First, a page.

58. Origen, Against Celsus, 2.64 (3rd cent. CE - 3rd cent. CE)

2.64. Although Jesus was only a single individual, He was nevertheless more things than one, according to the different standpoint from which He might be regarded; nor was He seen in the same way by all who beheld Him. Now, that He was more things than one, according to the varying point of view, is clear from this statement, I am the way, and the truth, and the life; and from this, I am the bread; and this, I am the door, and innumerable others. And that when seen He did not appear in like fashion to all those who saw Him, but according to their several ability to receive Him, will be clear to those who notice why, at the time when He was about to be transfigured on the high mountain, He did not admit all His apostles (to this sight), but only Peter, and James, and John, because they alone were capable of beholding His glory on that occasion, and of observing the glorified appearance of Moses and Elijah, and of listening to their conversation, and to the voice from the heavenly cloud. I am of opinion, too, that before He ascended the mountain where His disciples came to Him alone, and where He taught them the beatitudes, when He was somewhere in the lower part of the mountain, and when, as it became late, He healed those who were brought to Him, freeing them from all sickness and disease, He did not appear the same person to the sick, and to those who needed His healing aid, as to those who were able by reason of their strength to go up the mountain along with Him. Nay, even when He interpreted privately to His own disciples the parables which were delivered to the multitudes without, from whom the explanation was withheld, as they who heard them explained were endowed with higher organs of hearing than they who heard them without explanation, so was it altogether the same with the eyes of their soul, and, I think, also with those of their body. And the following statement shows that He had not always the same appearance, viz., that Judas, when about to betray Him, said to the multitudes who were setting out with him, as not being acquainted with Him, Whomsoever I shall kiss, the same is He. And I think that the Saviour Himself indicates the same thing by the words: I was daily with you, teaching in the temple, and you laid no hold on Me. Entertaining, then, such exalted views regarding Jesus, not only with respect to the Deity within, and which was hidden from the view of the multitude, but with respect to the transfiguration of His body, which took place when and to whom He would, we say, that before Jesus had put off the governments and powers, and while as yet He was not dead unto sin, all men were capable of seeing Him; but that, when He had put off the governments and powers, and had no longer anything which was capable of being seen by the multitude, all who had formerly seen Him were not now able to behold Him. And therefore, sparing them, He did not show Himself to all after His resurrection from the dead.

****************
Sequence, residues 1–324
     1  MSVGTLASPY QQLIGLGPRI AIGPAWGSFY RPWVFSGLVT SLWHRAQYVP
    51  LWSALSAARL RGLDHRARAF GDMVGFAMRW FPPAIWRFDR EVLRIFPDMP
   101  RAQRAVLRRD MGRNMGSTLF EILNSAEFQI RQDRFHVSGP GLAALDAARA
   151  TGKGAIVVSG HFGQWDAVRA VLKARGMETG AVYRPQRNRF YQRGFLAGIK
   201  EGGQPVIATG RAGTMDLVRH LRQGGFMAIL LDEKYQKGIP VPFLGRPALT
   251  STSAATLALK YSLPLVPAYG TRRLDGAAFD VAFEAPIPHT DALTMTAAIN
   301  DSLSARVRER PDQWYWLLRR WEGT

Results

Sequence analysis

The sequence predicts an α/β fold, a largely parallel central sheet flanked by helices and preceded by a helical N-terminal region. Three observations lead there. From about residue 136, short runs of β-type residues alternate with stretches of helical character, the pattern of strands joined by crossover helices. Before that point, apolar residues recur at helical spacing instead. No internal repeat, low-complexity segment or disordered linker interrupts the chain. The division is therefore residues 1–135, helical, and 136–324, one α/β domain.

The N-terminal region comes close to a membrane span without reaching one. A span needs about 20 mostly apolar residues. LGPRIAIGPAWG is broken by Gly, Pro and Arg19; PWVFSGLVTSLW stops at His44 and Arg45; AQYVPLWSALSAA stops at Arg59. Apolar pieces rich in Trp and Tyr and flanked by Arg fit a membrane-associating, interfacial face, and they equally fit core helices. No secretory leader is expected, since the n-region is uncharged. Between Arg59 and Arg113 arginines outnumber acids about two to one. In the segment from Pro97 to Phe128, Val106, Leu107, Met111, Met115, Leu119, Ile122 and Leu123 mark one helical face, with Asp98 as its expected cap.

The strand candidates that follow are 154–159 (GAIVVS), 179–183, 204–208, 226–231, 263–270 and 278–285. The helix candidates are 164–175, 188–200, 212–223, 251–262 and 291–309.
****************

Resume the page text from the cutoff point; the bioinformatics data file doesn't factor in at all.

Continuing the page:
59. Plotinus, Enneads, 2.9.9-2.9.10 (3rd cent. CE - 3rd cent. CE)

60. Augustine, Reply To Faustus, 13.7-13.14, 13.16 (4th cent. CE - 5th cent. CE)

61. Augustine, De Correptione Et Gratia, 23 (4th cent. CE - 5th cent. CE)

62. Augustine, De Ordine Libri Duo, 2.12 (4th cent. CE - 5th cent. CE)

63. Nemesius, On The Nature of Man, 39-41, 35 (4th cent. CE - 4th cent. CE)



Subjects of this text:

subject book bibliographic info
abraham, offspring Weissenrieder, Borders: Terminologies, Ideologies, and Performances (2016) 368
abraham, the patriarch, descent from Dawson, Christian Figural Reading and the Fashioning of Identity (2001) 226
adversus ioudaios writings Neusner Green and Avery-Peck, Judaism from Moses to Muhammad: An Interpretation: Turning Points and Focal Points (2022) 87
affect Gunderson, The Social Worlds of Ancient Jews and Christians: Essays in Honor of L. Michael White (2022) 95
agrippa ii Gordon, Land and Temple: Field Sacralization and the Agrarian Priesthood of Second Temple Judaism (2020) 216
akiva, r. Gordon, Land and Temple: Field Sacralization and the Agrarian Priesthood of Second Temple Judaism (2020) 206, 212, 224
alexander of aphrodisias Wilson, Augustine's Conversion from Traditional Free Choice to "Non-free Free Will": A Comprehensive Methodology (2018) 38
ancestors Weissenrieder, Borders: Terminologies, Ideologies, and Performances (2016) 368
anger, wild Levison, The Greek Life of Adam and Eve (2023) 430
anima/soul Wilson, Augustine's Conversion from Traditional Free Choice to "Non-free Free Will": A Comprehensive Methodology (2018) 38
animals, sacred, protecting the byproducts of Gordon, Land and Temple: Field Sacralization and the Agrarian Priesthood of Second Temple Judaism (2020) 210, 211, 212, 213, 214, 215, 216, 217, 218, 219
antitheses (marcion) Carleton Paget and Schaper, The New Cambridge History of the Bible (2013) 599
apolinarius of laodicea Vinzent, Christ's Resurrection in Early Christianity and the Making of the New Testament (2013) 187
apostles Vinzent, Christ's Resurrection in Early Christianity and the Making of the New Testament (2013) 186, 187
arboriculture Arampapaslis, Augoustakis, Froedge, Schroer, Dynamics Of Marginality: Liminal Characters and Marginal Groups in Neronian and Flavian Literature (2023) 30